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Peer-Reviewed Article

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Laterality of eye use has been increasingly studied in cetaceans. Research supports that many cetacean species keep prey on the right side while feeding and preferentially view unfamiliar objects with the right eye. In contrast, the left eye has been used more by calves while in close proximity to their mothers. Despite some discrepancies across and within species, laterality of eye use generally indicates functional specialization of brain hemispheres in cetaceans. The present study aimed to examine laterality of eye use in bottlenose dolphins (Tursiops truncatus) and rough-toothed dolphins (Steno bredanensis) under managed care. Subjects were video-recorded through an underwater window while viewing two different stimuli, one predictable and static and the other unpredictable and moving. Bottlenose dolphins displayed an overall right-eye preference, especially while viewing the unpredictable, moving stimulus. Rough- toothed dolphins did not display eye preference while viewing stimuli. No significant correlations between degree of laterality and behavioral interest in the stimuli were found. Only for bottlenose dolphins were the degree of laterality and curiosity ratings correlated. This study extends research on cetacean lateralization to a species not extensively examined and to stimuli that varied in movement and degree of predictability. Further research is needed to make conclusions regarding lateralization in cetaceans.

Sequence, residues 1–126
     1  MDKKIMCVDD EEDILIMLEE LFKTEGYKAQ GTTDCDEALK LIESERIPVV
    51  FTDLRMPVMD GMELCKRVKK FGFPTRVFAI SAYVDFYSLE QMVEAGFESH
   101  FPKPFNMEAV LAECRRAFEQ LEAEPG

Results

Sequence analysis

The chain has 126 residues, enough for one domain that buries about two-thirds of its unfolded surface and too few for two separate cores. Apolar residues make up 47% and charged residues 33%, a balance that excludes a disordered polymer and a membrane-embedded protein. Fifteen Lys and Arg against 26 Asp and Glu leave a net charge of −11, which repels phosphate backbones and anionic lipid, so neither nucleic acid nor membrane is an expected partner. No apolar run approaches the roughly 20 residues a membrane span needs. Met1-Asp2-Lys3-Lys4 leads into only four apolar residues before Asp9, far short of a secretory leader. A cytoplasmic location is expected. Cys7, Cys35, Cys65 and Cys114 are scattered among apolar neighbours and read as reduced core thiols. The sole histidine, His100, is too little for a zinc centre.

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Creative Commons Attribution 4.0 International License
This work is licensed under a Creative Commons Attribution 4.0 International License.



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